Iman Shumpert Can Get Better on Defense

I have made no secret of my love for New York Knicks rookie shooting guard Iman Shumpert. While his offense has been inconsistent and erratic for much of the season (though it has been both better and more consistent of late), his defense has been a bright spot for the Knicks all season. Shump’s hounding one-on-one defense on the perimeter, along with the inside presence and versatility of both Tyson Chandler and Jared Jeffries, has been one of the biggest reasons for the Knicks’ vaulting from the bottom 10 in defensive efficiency last season to the top 5 this year.

Already in his short career, Shumpert has become a lockdown isolation defender. According to mySynergySports, he allows just 0.6 Points Per Possession (PPP) against on isolation plays, good for 28th in the NBA and better than noted defensive stalwarts such as Luol Deng, Andre Iguodala and Tony Allen. Shump has allowed opposing players to score on just 30.7% of their isolation plays while forcing turnovers 28.4% of the time. He uses his quick feet to stay in front of his man and his long arms and lightning-fast hands to bother opposing players off the dribble and once they put up their shot. His ridiculous athleticism – he had a 42 inch max vertical at last year’s draft combine – along with his insanely long arms – at 6’5″, Shumpert has a 6’9.5″ wingspan – conspire to make him nearly impossible to beat in one-on-one situations.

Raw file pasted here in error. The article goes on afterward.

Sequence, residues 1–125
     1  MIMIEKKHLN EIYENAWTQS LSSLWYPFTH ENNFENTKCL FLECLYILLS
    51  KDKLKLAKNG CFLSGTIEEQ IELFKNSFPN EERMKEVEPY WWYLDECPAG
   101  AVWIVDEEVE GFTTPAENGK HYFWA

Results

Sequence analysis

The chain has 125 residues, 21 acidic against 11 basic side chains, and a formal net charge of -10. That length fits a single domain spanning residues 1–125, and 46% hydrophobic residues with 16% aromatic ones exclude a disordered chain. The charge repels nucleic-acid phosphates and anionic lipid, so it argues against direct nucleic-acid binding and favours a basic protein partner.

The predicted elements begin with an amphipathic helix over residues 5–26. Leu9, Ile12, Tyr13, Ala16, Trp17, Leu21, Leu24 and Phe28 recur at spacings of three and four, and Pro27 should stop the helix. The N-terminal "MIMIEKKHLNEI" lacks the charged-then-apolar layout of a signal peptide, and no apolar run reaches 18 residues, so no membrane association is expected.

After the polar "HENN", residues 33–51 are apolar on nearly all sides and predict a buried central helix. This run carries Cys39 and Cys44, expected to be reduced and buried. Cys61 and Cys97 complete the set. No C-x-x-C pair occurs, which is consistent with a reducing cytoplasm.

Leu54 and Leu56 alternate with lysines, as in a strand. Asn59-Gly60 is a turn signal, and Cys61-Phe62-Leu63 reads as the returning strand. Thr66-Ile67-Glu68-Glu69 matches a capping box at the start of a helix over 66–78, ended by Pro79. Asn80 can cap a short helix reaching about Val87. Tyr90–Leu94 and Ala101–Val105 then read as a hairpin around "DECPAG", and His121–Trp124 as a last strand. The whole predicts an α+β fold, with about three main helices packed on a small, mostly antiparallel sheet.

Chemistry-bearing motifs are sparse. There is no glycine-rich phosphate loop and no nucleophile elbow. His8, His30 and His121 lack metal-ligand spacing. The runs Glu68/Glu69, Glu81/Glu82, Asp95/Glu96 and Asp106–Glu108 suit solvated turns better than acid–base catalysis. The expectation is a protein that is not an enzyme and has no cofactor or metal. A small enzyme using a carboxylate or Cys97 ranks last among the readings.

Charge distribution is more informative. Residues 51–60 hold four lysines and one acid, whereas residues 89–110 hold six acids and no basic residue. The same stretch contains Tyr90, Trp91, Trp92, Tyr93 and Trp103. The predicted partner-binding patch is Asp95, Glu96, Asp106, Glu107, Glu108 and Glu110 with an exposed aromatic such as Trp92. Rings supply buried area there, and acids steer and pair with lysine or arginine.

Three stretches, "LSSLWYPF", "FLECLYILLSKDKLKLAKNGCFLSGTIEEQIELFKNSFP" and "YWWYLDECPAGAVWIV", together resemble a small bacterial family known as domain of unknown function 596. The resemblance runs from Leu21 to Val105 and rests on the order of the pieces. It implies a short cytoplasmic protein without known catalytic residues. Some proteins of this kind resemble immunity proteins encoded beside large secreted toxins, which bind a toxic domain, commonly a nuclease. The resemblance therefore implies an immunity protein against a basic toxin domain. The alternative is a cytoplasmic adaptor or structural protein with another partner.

His ability to defend perimeter scorers one-on-one is where his reputation as an excellent defender comes from, but he is far from perfect on defense. In fact, there are still many ways he can improve on that side of the floor.

Pick-and-roll defense is probably the weakest area of Shumpert’s game so far. He tends to get caught in screens way too much for a guy who is 6’5″ and 220 pounds. Too often, he either doesn’t see a pick coming or doesn’t react quickly enough when he does. Now, one may think this could be attributable to communication problems by whoever the big man defender is, but with Chandler or Jeffries acting as those defenders much of the time, I doubt it.

Let’s take a look at a few different plays that illustrate some of the problems Shumpert has defending pick-and-roll ball-handlers. Here’s a play from the Knicks’ most recent victory over the Magic. Shumpert is guarding Hedo Turkoglu.